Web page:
UC’s 87-year-old Arlitt Center is one of the oldest and most diverse preschool programs in the United States and was the first Cincinnati preschool staffed by teachers who were specifically trained in early childhood education. The Arlitt Center’s preschool serves children aged 3-to-5 – an age group that can share their toys, their books and of course, the bug.
Arlitt health coordinator Marty Hudson, RN, says the center takes a strong, proactive approach to curbing the spread of such illnesses by encouraging frequent hand washing. “We’re diligent about it. If we see a child wiping his or her nose or putting hands in the mouth, they’re asked to wash their hands.” Children are also encouraged to cough or sneeze into their elbow area, not their hands, which can spread more germs.
Hudson adds that Arlitt’s teachers regularly sanitize classrooms and the staff also educates parents, advising that sick children should remain at home until they’ve been fever free for at least 24 hours. “We emphasize that if a child is ill, the child is not going to benefit from being at preschool,” says Hudson.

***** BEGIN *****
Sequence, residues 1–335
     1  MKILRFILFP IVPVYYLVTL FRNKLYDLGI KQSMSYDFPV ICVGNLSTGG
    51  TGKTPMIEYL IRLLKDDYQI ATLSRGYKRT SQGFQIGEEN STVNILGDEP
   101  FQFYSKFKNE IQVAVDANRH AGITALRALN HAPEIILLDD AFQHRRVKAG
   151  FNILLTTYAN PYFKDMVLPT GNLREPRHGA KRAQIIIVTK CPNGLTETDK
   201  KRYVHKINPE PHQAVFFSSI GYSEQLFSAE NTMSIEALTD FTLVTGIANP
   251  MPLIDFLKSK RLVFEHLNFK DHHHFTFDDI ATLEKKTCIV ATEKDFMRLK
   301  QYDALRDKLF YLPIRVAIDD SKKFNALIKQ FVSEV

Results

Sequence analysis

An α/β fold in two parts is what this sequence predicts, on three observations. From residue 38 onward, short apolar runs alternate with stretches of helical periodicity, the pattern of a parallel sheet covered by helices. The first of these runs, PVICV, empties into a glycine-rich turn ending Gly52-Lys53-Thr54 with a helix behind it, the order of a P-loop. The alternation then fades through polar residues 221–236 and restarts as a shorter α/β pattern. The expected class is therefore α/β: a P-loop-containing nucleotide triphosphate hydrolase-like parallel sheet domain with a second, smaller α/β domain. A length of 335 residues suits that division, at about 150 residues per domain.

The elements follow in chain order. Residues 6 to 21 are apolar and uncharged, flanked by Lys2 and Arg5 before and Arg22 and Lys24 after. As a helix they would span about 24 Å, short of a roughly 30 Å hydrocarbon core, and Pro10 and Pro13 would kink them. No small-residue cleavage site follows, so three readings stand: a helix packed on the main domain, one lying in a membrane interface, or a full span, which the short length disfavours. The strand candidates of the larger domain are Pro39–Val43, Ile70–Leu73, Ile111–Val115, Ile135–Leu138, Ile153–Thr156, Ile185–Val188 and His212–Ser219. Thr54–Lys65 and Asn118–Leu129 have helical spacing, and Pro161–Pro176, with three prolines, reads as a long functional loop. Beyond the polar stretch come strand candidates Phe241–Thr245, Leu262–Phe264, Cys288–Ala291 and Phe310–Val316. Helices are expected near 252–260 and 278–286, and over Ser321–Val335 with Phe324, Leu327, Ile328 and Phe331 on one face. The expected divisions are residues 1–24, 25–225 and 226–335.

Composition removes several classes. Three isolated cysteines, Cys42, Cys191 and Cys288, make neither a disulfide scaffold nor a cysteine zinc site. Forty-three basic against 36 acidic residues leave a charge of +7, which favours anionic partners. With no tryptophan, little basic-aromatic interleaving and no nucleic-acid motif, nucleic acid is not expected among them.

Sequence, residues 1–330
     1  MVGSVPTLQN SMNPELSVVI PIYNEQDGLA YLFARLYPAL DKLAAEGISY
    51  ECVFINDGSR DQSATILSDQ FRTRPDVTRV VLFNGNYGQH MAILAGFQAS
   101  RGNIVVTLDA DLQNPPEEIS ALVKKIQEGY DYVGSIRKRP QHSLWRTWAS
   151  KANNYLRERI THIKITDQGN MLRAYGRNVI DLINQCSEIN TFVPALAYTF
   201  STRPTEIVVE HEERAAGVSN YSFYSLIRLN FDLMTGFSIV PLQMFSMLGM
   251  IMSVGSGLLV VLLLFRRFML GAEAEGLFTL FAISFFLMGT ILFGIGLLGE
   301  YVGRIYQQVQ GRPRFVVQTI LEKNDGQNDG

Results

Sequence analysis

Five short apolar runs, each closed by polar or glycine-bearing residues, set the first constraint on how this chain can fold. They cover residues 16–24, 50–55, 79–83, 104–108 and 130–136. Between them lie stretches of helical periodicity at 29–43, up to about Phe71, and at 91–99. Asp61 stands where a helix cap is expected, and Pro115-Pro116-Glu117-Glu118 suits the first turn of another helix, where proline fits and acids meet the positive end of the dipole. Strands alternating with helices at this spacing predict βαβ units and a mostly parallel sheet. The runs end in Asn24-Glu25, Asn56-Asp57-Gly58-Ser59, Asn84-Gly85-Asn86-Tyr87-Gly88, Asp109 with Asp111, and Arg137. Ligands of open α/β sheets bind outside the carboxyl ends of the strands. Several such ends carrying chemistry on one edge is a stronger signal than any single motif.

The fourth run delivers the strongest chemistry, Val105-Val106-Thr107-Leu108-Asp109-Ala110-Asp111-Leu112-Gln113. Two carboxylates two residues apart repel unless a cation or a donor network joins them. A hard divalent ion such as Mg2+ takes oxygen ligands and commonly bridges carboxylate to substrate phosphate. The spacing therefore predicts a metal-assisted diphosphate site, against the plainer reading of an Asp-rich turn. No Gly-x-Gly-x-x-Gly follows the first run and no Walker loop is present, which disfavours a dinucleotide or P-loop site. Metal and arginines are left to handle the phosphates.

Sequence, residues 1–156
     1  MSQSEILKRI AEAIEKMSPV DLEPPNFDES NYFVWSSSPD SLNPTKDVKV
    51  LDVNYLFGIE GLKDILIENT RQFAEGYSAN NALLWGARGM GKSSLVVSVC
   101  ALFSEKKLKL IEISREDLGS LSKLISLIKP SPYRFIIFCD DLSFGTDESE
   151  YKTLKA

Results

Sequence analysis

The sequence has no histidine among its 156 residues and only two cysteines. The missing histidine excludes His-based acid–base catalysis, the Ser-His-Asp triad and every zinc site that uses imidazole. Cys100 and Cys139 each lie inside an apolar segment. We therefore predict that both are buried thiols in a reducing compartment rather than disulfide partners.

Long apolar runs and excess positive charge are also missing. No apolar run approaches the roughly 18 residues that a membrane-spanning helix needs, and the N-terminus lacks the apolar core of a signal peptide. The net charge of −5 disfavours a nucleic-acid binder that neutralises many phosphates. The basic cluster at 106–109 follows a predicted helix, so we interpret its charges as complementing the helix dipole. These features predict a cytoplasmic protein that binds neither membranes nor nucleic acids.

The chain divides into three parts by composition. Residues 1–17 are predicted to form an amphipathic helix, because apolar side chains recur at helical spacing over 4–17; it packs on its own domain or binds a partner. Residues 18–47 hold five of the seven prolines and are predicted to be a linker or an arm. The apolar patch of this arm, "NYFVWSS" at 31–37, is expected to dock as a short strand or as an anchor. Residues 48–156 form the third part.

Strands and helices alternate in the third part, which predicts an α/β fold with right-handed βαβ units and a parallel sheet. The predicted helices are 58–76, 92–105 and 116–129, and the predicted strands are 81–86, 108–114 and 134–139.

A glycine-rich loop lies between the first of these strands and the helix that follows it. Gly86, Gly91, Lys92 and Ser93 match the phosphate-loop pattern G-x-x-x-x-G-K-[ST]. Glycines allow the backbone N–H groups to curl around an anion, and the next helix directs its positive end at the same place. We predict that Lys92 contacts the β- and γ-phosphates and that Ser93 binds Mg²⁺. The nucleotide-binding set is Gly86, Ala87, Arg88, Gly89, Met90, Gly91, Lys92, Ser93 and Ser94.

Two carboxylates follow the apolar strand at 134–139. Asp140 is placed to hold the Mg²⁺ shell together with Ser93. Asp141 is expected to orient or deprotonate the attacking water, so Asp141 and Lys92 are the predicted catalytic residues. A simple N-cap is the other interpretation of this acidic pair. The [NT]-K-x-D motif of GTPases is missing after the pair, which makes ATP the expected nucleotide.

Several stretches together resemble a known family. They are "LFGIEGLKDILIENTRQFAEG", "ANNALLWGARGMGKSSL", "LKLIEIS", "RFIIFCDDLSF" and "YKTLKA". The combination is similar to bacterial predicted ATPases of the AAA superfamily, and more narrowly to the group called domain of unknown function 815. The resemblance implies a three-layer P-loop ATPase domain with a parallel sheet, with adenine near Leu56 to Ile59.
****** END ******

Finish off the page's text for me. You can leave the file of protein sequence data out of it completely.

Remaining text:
The CDC recently reported that the flu season had reached epidemic proportions, with 47 states reporting widespread geographic influenza activity. The CDC also reported that the flu is associated with 20 pediatric deaths nationwide.
UC's Arlitt Child and Family Research and Education Center
The CDC reports that every year, an average of 20,000 children under the age of 5 are hospitalized because of flu-like complications. In fact, flu causes more hospitalizations among young children than any other vaccine-preventable disease.
As for UC’s college students, University Health Services – which operates two campus health clinics – is offering flu shots for $21. Kenneth Stephens, MD, interim director of University Health Services, adds that the clinics are stocked with tissues and hand sanitizers at the entrances. Patients reporting sneezing, coughing or a sore throat are advised to wear a mask to prevent the spread of illness.
In a Jan. 11 press briefing, CDC Director Tom Frieden predicted that influenza will continue to affect the country for several more weeks. “As we often say, the only thing predictable about flu is that it's unpredictable,” said Frieden. “Only time will tell us how long our season will last and how moderate or how severe this season will be in the end. “